Your piece in BP2002 on how to win at Coors Field, with an update/response to Rany Jazayerli's countering view later that year. Maybe the humidor renders it moot, but I enjoyed both pieces, and would like to hear more about who was "right", especially with the evidence of subsequent years.
The Yanks-Twins when Girardi brought in Tomko to pitch in a tie game (we were both there, May 2009). This or any other piece on bullpen mismanagement.

The Colon-Santana piece is a must.

Joe -- Your book wouldn't be complete without your Jesus Wieters piece.
"Ghosts 5, Red Sox 4" from July 2, 2004. Great article about a great game. But, more importantly, you criticize reports/rumors that the RSN was "backing away" from the 2004 squad, and note how good that Sox team was, and how they were just a few breaks from winning that epic game. Given what happened that October, your conclusion here makes you look damn smart.

I would for sure pick your column on the last game at Yankee Stadium from the end of 2008. One of my favorites by far.
I've always been interested in your take on "fourth outfielders", even when you're wrong. You've got a number of articles talking about guys like Shane Victorino (probably wrong), Juan Pierre (definitely right) and Eric Byrnes (right, just a couple of years too early). I'd love to see a summary article that goes through the process of defining and utilizing a fourth outfielder from a team management POV.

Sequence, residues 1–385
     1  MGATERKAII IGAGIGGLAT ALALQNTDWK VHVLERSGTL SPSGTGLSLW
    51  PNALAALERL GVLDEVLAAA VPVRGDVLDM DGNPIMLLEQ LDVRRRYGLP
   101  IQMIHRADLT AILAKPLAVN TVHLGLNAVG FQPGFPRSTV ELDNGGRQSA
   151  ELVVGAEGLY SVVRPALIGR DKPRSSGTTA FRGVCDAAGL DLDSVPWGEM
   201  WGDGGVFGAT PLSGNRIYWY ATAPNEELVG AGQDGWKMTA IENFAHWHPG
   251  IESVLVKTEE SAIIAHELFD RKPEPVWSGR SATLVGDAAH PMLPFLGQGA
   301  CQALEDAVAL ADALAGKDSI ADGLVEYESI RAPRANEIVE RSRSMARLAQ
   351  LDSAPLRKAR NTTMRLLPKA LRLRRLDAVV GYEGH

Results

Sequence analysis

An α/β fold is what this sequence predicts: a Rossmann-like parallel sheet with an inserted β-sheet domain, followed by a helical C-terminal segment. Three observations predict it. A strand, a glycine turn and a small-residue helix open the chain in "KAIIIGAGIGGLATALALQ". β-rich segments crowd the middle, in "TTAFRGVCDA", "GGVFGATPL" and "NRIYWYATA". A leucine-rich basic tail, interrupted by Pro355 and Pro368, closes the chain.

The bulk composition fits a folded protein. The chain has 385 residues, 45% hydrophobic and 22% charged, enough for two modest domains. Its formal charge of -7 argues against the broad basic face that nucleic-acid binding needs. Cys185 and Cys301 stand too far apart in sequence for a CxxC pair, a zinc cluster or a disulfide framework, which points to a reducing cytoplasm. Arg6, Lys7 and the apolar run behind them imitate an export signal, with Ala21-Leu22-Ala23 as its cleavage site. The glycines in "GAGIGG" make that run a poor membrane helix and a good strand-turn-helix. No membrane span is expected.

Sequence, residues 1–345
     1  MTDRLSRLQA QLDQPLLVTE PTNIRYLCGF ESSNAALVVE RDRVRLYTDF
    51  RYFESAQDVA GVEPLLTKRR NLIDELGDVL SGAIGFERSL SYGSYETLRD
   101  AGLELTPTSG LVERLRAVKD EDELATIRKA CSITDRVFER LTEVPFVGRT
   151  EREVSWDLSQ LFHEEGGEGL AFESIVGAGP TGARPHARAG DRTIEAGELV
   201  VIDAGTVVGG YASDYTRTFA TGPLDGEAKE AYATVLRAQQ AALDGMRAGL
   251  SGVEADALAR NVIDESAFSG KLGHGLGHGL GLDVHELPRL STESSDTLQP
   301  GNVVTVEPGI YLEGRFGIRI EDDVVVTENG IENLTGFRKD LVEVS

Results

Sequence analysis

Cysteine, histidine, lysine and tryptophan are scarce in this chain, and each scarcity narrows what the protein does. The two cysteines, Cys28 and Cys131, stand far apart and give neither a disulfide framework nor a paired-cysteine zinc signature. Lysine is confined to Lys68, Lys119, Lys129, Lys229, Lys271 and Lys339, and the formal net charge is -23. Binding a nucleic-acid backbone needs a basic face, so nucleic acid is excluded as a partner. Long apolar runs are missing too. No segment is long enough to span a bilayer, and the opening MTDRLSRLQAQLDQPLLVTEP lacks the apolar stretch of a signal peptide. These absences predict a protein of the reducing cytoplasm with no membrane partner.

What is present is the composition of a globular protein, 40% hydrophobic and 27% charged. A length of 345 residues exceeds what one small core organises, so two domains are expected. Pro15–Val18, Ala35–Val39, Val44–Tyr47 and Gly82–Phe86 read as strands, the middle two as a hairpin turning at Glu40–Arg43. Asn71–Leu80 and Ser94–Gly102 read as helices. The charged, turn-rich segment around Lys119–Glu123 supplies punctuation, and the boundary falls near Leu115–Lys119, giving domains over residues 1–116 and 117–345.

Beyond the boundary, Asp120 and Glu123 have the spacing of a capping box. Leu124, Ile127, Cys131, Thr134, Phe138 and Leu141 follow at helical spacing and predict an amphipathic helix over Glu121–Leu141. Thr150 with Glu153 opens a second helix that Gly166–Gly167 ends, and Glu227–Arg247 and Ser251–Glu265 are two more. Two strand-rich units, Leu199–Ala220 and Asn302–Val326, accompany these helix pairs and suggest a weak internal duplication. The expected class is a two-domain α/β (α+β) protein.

Also, I'd love to see an "evolution" chapter that details your take on roster value throughout your career at BP. I remember around 2004 or so when you started taking a different stance on the value of defense. One of my favorite parts of your writing was that it seemed like you were learning with us, not just preaching to us. You'd pick something up, point it out, then return to it a few months later, and slowly build a case for or against.
Your 2006 column about David Ortiz's contract extension (and Derrek Lee's) and its immediate followup:

Also your magnificent post-mortem on the Yankees' sweep of the Red Sox in August 2006:

Can't wait to read the book....

---Keith R.A. DeCandido
Joe: Very glad to know that us BP readers will still have the benefit of your Stuff. Can't wait to read the book.